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Herring bodies

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Herring bodies

Neurosecretory body
Details
Latin corpusculum neurosecretorium
Identifiers
Code TH H3.08.02.2.00039
Anatomical terminology

Herring bodies or neurosecretory bodies are structures found in the posterior pituitary. They represent the terminal end of the axons from the hypothalamus, and hormones are temporarily stored in these locations.

They are neurosecretory terminals.[1]

Antidiuretic hormone (ADH) and oxytocin are both stored in Herring bodies, but are not stored simultaneously in the same Herring body.[2]

In addition each Herring Body also contains ATP and a neurophysin. Neurophysins are binding proteins, of which there are two types: neurophysin I and neurophysin II which bind to oxytocin and ADH, respectively. Neurophysin and its hormone become a complex that is considered a single protein and stored in the neurohypophysis. Upon stimulation by the hypothalamus, secretory granules release said hormones into the bloodstream. Fibers from supraoptic nuclei are concerned with ADH secretion; paraventricular nuclei with oxytocin.[3]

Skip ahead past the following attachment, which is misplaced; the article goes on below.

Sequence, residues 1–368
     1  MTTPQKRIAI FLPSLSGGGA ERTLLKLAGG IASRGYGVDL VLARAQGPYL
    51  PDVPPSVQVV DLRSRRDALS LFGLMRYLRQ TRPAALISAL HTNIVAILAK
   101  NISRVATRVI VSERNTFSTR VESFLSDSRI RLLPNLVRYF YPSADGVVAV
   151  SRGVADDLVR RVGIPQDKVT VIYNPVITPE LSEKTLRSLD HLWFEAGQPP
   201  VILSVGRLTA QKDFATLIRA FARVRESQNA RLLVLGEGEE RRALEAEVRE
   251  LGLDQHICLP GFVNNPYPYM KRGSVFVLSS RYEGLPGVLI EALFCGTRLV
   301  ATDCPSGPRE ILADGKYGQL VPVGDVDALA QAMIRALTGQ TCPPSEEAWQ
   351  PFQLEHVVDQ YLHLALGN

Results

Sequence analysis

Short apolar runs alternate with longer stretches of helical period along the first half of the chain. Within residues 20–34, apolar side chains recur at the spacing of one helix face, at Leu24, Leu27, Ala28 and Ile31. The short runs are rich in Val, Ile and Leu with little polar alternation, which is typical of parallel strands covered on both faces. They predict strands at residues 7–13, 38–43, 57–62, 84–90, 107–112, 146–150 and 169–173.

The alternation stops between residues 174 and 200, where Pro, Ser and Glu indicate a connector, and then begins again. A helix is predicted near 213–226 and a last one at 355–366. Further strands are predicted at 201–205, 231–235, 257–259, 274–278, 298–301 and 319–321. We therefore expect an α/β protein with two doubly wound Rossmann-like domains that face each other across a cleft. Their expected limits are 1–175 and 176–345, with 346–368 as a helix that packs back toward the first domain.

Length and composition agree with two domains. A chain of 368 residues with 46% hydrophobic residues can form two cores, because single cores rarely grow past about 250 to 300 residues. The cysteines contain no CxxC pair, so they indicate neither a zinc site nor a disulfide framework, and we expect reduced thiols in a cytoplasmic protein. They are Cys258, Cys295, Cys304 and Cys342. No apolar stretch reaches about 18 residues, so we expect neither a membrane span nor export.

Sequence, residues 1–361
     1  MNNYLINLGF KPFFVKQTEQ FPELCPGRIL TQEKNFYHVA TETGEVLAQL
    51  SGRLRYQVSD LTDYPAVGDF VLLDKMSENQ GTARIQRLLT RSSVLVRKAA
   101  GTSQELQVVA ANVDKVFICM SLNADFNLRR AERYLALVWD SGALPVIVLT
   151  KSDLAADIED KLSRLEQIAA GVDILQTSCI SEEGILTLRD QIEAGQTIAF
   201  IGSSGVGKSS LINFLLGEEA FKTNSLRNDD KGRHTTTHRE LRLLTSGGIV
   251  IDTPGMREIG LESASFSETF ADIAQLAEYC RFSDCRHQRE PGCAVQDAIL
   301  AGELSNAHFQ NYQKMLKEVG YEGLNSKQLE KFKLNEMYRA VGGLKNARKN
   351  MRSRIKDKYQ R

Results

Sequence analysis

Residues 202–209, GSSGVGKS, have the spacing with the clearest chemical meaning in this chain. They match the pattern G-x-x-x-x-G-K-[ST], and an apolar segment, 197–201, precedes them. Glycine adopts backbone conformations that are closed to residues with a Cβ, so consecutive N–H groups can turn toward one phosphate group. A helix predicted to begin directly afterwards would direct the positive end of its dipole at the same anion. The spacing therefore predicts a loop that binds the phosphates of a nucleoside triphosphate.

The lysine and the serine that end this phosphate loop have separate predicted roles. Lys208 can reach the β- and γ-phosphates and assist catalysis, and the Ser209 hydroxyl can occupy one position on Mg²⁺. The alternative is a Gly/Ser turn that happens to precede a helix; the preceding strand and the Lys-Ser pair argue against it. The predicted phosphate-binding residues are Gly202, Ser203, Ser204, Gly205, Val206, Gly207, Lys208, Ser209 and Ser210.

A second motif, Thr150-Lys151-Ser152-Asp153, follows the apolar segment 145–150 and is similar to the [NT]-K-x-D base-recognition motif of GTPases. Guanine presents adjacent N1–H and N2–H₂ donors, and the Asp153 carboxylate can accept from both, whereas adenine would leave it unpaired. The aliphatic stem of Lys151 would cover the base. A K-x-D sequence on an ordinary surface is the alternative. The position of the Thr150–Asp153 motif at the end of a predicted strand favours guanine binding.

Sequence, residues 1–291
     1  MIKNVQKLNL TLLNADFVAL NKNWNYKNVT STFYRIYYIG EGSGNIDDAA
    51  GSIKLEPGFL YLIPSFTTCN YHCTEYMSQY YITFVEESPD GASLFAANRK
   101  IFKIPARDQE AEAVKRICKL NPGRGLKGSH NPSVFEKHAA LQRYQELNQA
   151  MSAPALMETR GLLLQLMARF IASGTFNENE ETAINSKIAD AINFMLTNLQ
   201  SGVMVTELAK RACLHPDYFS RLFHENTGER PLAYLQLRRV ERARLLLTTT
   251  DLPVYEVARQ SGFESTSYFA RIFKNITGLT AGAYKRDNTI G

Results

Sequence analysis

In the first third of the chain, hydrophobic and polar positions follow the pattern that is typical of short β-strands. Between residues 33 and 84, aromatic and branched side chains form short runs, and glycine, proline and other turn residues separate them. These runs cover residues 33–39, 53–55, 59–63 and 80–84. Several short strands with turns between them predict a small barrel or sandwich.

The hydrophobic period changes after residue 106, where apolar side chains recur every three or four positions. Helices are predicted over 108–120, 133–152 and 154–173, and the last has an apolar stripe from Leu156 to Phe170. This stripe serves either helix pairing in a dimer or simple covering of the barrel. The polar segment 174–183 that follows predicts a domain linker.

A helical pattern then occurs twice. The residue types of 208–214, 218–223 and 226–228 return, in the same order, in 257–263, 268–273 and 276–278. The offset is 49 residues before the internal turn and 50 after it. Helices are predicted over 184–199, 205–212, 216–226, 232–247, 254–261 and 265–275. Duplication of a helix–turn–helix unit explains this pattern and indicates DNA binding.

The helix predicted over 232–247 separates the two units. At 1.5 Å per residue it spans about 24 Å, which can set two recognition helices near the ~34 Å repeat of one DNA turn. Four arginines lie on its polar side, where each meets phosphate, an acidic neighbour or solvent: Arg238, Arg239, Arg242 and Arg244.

This anatomical structure was first described by Percy Theodore Herring in 1908.

References

  1. ^ Kwang W. Jeon (18 August 2005). International Review of Cytology: A Survey of Cell Biology. Gulf Professional Publishing. pp. 143–.  
  2. ^ Histology at KUMC endo-endo08
  3. ^ Luiz Carlos Junquiera, "Junquiera's Basic Histology"

External links

  • Histology image: 14004loa - Histology Learning System at Boston University
  • Histology image: 38_09 at the University of Oklahoma Health Sciences Center


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